What Are the Components of an Appraisal?

A home purchase can be the largest financial decision many of us will ever consider. Whether it's a primary residence, a seasonal vacation property or an investment, the purchase of real property is an involved financial transaction that requires multiple parties to pull it all off.

Practically all the people involved are quite familiar. The most known person in the transaction is the real estate agent. Next, the bank provides the money needed to finance the transaction. And ensuring all areas of the exchange are completed and that a clear title passes from the seller to the purchaser is the title company.

To learn more about appraising, click here to see a short video or call us today to talk about your specific property.

So, what party makes sure the real estate is worth the amount being paid? This is where the appraiser comes in. We provide an unbiased estimate of what a buyer could expect to pay — or a seller receive — for a parcel of real estate, where both buyer and seller are informed parties. A licensed, certified, professional appraiser from Greater Orlando Appraisal Assoc., Inc. will ensure, you as an interested party, are informed.

Inspecting the subject property

To ascertain an accurate status of the property, it's our duty to first complete a thorough inspection. We must physically view features, such as the number of bedrooms and bathrooms, the location, living areas, etc, to ensure they really are there and are in the shape a reasonable buyer would expect them to be. To make sure the stated size of the property has not been misrepresented and convey the layout of the home, the inspection often entails creating a sketch of the floorplan. Most importantly, the appraiser looks for any obvious amenities - or defects - that would have an impact on the value of the property.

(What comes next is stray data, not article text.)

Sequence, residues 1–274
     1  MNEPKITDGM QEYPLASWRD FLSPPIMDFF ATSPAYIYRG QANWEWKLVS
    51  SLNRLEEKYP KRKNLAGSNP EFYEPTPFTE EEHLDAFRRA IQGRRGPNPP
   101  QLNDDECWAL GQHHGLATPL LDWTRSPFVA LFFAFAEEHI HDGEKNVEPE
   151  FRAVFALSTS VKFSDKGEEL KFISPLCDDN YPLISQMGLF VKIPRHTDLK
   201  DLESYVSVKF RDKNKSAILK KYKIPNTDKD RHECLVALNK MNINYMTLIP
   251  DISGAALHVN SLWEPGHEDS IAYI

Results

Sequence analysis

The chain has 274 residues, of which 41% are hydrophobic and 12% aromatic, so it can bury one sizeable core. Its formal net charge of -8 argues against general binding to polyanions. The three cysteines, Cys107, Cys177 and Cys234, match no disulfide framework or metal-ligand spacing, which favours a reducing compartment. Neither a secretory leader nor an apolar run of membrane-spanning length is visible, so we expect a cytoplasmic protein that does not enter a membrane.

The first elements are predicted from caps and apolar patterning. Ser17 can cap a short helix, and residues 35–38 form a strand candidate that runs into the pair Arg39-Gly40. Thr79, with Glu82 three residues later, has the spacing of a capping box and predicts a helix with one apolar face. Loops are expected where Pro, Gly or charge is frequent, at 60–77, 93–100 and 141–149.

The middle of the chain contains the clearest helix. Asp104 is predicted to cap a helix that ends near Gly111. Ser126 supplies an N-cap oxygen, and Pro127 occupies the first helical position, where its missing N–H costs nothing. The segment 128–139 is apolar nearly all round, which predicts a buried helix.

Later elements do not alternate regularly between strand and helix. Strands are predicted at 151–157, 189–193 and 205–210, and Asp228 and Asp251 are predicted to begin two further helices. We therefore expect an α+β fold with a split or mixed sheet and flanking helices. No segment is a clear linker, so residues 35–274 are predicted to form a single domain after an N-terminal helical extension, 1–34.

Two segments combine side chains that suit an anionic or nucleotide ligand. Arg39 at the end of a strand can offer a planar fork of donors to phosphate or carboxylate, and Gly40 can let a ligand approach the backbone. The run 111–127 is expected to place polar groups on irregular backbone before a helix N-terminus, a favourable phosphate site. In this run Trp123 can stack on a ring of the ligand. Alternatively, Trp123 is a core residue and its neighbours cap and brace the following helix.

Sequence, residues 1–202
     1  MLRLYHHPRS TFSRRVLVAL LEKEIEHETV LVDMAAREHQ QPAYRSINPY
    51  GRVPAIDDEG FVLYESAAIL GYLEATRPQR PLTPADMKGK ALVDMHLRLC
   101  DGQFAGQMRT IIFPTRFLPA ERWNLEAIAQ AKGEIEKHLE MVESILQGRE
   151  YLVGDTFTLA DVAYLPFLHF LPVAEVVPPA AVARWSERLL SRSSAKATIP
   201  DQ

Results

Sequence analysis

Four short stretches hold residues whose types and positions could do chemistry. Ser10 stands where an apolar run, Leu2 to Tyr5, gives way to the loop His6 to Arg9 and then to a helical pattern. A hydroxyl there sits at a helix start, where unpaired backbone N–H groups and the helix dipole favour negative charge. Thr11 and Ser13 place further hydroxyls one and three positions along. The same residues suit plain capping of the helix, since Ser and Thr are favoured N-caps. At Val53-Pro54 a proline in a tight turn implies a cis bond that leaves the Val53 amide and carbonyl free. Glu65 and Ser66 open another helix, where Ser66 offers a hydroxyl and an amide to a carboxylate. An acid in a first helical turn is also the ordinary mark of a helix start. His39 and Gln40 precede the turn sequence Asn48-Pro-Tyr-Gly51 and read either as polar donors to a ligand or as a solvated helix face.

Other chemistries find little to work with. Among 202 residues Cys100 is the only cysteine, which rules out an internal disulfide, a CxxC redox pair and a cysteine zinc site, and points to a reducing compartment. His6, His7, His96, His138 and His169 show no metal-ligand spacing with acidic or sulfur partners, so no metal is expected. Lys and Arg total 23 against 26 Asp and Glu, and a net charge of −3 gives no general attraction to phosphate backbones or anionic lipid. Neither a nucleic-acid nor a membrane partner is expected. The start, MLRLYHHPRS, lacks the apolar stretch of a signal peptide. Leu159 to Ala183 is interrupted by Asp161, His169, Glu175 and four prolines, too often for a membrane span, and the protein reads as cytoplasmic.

Back at the office, an appraiser uses two or three approaches to determining the value of the property: sales comparison and, in the case of a rental property, an income approach.

Cost Approach

This is where we pull information on local building costs, labor rates and other elements to derive how much it would cost to construct a property comparable to the one being appraised. This estimate often sets the upper limit on what a property would sell for. It's also the least used method.

Paired Sales Analysis

Appraisers become very familiar with the communities in which they work. They thoroughly understand the value of certain features to the residents of that area. Then, the appraiser researches recent transactions in close proximity to the subject and finds properties which are 'comparable' to the property at hand. Using knowledge of the value of certain items such as remodeled rooms, types of flooring, energy efficient items, patios and porches, or extra storage space, we adjust the comparable properties so that they more accurately portray the features of subject property.

  • Say, for example, the comparable property has a storm shelter and the subject does not, the appraiser may deduct the value of a storm shelter from the sales price of the comparable.
  • If the subject property has an extra half-bathroom and the comparable does not, the appraiser might add a certain amount to the comparable property.

After all differences have been accounted for, the appraiser reconciles the adjusted sales prices of all the comps and then derives an opinion of what the subject could sell for. When it comes to putting a value on features of homes in Orlando and Orange, Greater Orlando Appraisal Assoc., Inc. is second to none. This approach to value is commonly given the most weight when an appraisal is for a home sale.

Valuation Using the Income Approach

In the case of income producing properties - rental houses for example - the appraiser may use an additional way of valuing real estate. In this scenario, the amount of income the real estate yields is factored in with other rents in the area for comparable properties to give an indicator of the current value.


Analyzing the data from all applicable approaches, the appraiser is then ready to put down an estimated market value for the property in question. Note: While this amount is probably the most accurate indication of what a property is worth, it probably will not be the final sales price. It's not uncommon for prices to be driven up or down by extenuating circumstances like the motivation or urgency of a seller or 'bidding wars'. Regardless, the appraised value is typically used as a guideline for lenders who don't want to loan a buyer more money than they could get back in the event they had to sell the property again. It all comes down to this, an appraiser from Greater Orlando Appraisal Assoc., Inc. will help you get the most fair and balanced property value, so you can make profitable real estate decisions.